Instant analysis -- One of three commits to make their pledges to the Longhorns on the eve of the first Junior Day, Doyle is part of what almost certainly will become the defining position group of the 2011 class -- the offensive line. Even though Doyle fills a huge need as a tackle candidate in the class, many Longhorn fans questioned Doyle as a take, in large part because his ranking falls in the lower part of the top 50 in the state.
Basically, even though Doyle fills a major need in the class and does project as a tackle, the specific position of need on the offensive line, Longhorn fans are still clamoring for the big names in the class -- the national names that have that sex appeal that local, lifelong Texas fans just don't seem to possess. Unfortunately, the undeniable fact is that the big-name prospects have other options worth pursuing before making a decision. And, as the recent cases of Kolby Griffin, Brandon Williams, and Trevon Randle indicate, even a guy like Griffin who seems like a major Texas lean, if not an absolute lock to commit, may end up elsewhere without the proper attention. Were the Longhorns to attempt to string Doyle along throughout the process, there's a strong possibility that Doyle could have accepted an offer from Arizona, Texas Tech, Baylor, or any other school that could have come along in the next several months.
Taken in that context and, honestly, any other context, Doyle is an excellent pick up for the Longhorns and stands a strong chance of being a contributing member of the offensive line in the future. He may not currently project as a superstar, but landing top national recruits from out of state like Christian Westerman and Matt Hegarty isn't easy. Just because recruiting Taylor Doyle was (seemingly) easy doesn't mean he isn't worthy of being a Longhorn.
Instant scouting report -- Like Garrett Gilbert and Paden Kelley, Taylor Doyle is a winner. In each season as a starter on the Lake Travis offensive line, the Cavaliers won state championships. In fact, Doyle hasn't lost since one of his first starts on varsity, early in his sophomore season against Westlake. Clearly, Doyle has done nothing on the line to cost his team a game.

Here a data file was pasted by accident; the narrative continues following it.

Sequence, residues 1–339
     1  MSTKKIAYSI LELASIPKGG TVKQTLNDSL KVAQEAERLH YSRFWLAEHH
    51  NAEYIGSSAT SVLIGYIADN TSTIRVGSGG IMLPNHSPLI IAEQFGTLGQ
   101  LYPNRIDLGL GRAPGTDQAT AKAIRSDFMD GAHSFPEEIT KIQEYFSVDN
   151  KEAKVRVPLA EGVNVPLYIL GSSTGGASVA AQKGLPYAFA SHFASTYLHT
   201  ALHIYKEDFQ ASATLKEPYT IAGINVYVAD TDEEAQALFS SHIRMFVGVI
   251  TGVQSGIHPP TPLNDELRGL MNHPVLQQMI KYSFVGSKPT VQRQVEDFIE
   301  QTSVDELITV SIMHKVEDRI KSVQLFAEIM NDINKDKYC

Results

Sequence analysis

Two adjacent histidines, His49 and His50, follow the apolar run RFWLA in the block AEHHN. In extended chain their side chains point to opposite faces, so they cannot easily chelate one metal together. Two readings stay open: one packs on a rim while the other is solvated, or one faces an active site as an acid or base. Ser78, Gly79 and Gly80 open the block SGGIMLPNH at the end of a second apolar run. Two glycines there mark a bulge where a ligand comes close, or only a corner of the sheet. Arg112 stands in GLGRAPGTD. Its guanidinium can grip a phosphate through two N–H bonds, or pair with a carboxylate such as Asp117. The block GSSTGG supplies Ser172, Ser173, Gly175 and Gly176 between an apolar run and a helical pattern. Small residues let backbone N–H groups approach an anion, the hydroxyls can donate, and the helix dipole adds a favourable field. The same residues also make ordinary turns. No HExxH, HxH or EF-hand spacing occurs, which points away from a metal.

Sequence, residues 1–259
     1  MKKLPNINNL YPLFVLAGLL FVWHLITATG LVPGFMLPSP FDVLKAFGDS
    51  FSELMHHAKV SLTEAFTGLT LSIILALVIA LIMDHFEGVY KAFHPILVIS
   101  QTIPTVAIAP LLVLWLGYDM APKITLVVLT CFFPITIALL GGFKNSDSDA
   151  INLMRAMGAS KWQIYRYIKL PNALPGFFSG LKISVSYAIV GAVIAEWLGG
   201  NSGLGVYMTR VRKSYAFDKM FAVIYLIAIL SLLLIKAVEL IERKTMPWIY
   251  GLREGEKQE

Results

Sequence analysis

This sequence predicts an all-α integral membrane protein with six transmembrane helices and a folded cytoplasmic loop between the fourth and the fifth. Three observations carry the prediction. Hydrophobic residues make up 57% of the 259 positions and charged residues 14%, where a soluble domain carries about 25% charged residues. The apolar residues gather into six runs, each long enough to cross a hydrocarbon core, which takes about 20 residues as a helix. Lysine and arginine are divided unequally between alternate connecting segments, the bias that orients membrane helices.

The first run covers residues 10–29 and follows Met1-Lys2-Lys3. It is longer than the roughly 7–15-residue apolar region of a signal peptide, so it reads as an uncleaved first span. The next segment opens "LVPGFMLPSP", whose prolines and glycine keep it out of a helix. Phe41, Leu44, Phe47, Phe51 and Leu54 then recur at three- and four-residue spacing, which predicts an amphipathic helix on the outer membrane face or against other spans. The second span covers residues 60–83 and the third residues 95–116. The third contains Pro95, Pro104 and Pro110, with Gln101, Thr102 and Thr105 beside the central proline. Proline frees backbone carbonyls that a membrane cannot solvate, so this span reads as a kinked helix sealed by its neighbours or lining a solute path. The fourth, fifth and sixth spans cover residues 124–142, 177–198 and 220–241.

More than simply the success at Lake Travis, his work in the spread offense as a right tackle for two seasons and as the left tackle replacing Kelley as a junior, Doyle has extensive game repetitions in pass protection, providing not only a great deal of game experience, but also a volume of game film for coaches to analyze while making their evaluations.
What becomes apparent is that Doyle has excellent feet and uses his hands well both in pass protection and in the running game. Lake Travis also uses the screen game extensively, particularly for do-everything receiver/running back Andy Erickson both from the running back position and from the receiver position -- Doyle has experience in space, where he can use his quick feet to get to the second level. Since he does shoot his hands well and uses them to control defenders, Doyle does a solid job of maintaining his balance and leverage. Failure to do either one of those things is a death knell for offensive linemen and, like most linemen his age, are areas in which Doyle occasionally struggles.
One of the reasons that camp performances often carry so much weight in evaluations is that top prospects have a chance to go against each other in one-on-one settings. Likewise, when top prospects meet between the lines on Friday nights in the fall, their matchups provide deep insights into their abilities. For Doyle, two such matchups tell different tales about his ability to compete at the highest level. His sophomore season, Lake Travis played host to Evangel Christian and star 2011 defensive end Jermauria Rasco, a game in which Rasco got the best of Doyle several times. On the other side of the ledger, doyle was able to take 2010 Florida State commit Holmes Onwukaife out of the game, a strong pass-rusher from the outside linebacker position at Cedar Park.
Jeff Howe sums up well Doyle's strengths and weaknesses ($):
The bottom line is he doesn’t have the frames of either Spencer Drango of Cedar Park or Klein Collins’ Garrett Greenlea and he doesn’t have the pure body mass of North Shore’s Sedrick Flowers.
Outside of looking at how his body will grow and develop, Doyle is right there at the top in terms on nastiness, footwork, quickness and overall talent. I have no doubt that he is an elite line prospect based on talent alone.
In looking at Doyle's offer sheet, it's not exactly chock-full of major names, but the common demominator between Arizona, Baylor, Houston, Tulsa, and Texas Tech is that all those programs run some variant of the spread offense and most use a zone-blocking scheme, suggesting that other coaches on other staffs who run a similar, if ultimately more effective, scheme than the Longhorns also value Doyle's talent and that speaks volumes about the evaluations of Doyle by the experts -- the coaches themselves.